German architects tackle global issues
Did you know that part of China's National Library and a St. Petersburg hospital were built by German architects? Architecture firms in Germany are expanding in developing markets by solving modern urban problems.
The Bauhaus design movement was, for many years, closely associated with German architecture. Founded by architect Walter Gropius and later continued by Ludwig Mies van der Rohe, Bauhaus stood for the vision of uniting art and design.
It was the rise of the Nazi regime in the early 1930s that drove many of the country's Bauhaus architects into exile. Not only did their work become known abroad, but Bauhaus-style projects were erected in other country, including the 4,000-buildingWhite City
complex in Tel Aviv and Ludwig Mies van der Rohe's Chicago Federal Plaza.
Now a new generation of German architects is establishing its reputation abroad, making the most of the positive attributes associated with the Made in Germany label - like quality and reliability - and focusing on sustainability, urban development and technology.
Most of the international projects can be found in neighboring countries like Austria, Switzerland and France. But the markets in Russia, the Arab world and especially China are increasingly opening up to German architects.
"The markets of the future aren't necessarily those, where the most money is or where there is an economic upswing. Perhaps they are the markets where climate change is creating the need for new urban development," Philipp Auer from Auer Weber Architects told DW.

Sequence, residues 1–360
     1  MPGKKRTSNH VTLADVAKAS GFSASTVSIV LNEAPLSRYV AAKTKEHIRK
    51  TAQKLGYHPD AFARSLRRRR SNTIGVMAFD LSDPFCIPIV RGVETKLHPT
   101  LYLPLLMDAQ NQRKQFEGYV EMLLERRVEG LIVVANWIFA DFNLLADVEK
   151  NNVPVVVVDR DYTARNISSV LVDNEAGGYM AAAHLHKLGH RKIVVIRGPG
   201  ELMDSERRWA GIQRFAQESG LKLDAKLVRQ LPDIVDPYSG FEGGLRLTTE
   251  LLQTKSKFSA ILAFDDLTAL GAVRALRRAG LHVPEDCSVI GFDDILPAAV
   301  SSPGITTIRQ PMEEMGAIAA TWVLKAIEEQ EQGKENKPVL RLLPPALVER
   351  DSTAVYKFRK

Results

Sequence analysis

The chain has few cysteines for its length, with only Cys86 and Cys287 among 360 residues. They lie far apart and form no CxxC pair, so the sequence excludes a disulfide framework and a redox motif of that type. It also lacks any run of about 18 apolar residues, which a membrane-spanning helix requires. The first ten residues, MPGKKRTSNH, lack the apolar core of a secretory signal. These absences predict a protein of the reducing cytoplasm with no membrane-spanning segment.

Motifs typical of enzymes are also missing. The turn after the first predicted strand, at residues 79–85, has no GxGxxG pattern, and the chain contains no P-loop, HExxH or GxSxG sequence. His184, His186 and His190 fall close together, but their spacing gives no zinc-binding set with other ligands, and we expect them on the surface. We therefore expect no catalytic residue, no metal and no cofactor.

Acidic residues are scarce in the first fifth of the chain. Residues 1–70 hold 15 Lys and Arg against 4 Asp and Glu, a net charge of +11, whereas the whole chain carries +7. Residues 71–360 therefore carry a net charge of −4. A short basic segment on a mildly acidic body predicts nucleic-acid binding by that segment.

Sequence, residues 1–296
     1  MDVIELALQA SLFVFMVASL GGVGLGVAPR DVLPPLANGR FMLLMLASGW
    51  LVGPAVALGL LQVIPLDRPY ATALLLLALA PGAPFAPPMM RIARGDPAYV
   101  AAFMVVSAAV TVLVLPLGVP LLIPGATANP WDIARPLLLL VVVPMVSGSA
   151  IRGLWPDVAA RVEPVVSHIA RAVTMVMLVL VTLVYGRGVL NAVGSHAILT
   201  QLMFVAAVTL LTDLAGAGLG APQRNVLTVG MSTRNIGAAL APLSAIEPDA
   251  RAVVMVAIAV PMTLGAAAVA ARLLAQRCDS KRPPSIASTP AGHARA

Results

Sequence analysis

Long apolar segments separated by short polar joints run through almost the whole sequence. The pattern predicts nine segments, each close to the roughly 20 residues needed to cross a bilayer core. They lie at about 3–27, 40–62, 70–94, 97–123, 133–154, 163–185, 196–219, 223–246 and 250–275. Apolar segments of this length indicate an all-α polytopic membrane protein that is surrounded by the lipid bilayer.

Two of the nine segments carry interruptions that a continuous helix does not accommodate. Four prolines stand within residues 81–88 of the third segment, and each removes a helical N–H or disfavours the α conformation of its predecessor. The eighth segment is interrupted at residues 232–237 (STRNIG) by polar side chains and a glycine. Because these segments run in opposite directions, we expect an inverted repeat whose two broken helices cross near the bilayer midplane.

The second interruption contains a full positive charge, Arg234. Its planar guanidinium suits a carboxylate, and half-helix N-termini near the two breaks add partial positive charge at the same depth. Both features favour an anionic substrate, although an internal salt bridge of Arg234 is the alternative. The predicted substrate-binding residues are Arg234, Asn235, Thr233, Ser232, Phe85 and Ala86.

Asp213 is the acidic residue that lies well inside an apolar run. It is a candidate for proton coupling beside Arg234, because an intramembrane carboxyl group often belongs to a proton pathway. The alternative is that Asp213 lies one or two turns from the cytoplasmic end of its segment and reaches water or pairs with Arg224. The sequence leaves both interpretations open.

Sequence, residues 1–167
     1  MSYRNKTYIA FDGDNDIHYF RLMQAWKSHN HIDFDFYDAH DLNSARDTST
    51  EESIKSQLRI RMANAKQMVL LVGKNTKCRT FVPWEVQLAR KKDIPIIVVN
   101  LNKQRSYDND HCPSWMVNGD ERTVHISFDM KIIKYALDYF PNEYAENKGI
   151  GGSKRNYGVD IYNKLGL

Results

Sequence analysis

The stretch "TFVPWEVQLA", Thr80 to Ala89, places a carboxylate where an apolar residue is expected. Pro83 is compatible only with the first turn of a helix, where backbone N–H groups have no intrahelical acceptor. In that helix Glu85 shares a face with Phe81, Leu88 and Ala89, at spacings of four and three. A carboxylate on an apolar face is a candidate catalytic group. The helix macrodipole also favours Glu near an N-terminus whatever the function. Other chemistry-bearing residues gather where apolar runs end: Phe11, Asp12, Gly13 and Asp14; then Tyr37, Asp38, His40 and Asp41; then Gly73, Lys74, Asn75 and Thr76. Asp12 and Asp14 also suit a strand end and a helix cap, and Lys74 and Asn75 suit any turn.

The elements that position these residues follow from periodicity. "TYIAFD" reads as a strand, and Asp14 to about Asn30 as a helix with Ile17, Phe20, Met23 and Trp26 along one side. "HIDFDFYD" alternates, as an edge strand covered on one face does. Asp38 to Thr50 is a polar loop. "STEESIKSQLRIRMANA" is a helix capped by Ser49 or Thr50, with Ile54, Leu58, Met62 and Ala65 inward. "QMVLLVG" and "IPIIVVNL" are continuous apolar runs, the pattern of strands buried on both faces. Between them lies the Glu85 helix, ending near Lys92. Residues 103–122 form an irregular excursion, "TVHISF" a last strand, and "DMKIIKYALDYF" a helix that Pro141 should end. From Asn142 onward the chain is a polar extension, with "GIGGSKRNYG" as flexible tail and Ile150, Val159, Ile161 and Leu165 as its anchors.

According to a survey conducted by the Federal Chamber of German Architects, some eight percent of Germany's over 120,000 architects are active abroad. The aim of theNetwork for Architecture Exchange
(NAX), founded in 2002 to promote German architecture abroad, is to expand that number - in part, with a new traveling exhibition.
Auer Weber is one of 28 German architecture firms now on show as part of the exhibition "Contemporary Architecture. Made in Germany" now on display at the German embassy in Paris.
The exhibition, which is set to run for the next two years in cities around the world, represents 40 international projects. It focuses on the challenges present-day architects face in the modern world, including climate change, sustainability, urban density, and technology.
Click on the gallery and the video above for more on Germany's architectural exports.